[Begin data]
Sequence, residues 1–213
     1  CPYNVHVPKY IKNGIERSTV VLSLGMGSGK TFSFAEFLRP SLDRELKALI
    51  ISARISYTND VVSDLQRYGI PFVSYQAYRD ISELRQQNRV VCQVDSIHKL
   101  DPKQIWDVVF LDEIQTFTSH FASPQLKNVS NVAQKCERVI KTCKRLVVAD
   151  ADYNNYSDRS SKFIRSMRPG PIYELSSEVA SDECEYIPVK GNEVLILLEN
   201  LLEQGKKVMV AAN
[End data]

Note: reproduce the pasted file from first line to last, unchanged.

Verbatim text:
Sequence, residues 1–213
     1  CPYNVHVPKY IKNGIERSTV VLSLGMGSGK TFSFAEFLRP SLDRELKALI
    51  ISARISYTND VVSDLQRYGI PFVSYQAYRD ISELRQQNRV VCQVDSIHKL
   101  DPKQIWDVVF LDEIQTFTSH FASPQLKNVS NVAQKCERVI KTCKRLVVAD
   151  ADYNNYSDRS SKFIRSMRPG PIYELSSEVA SDECEYIPVK GNEVLILLEN
   201  LLEQGKKVMV AAN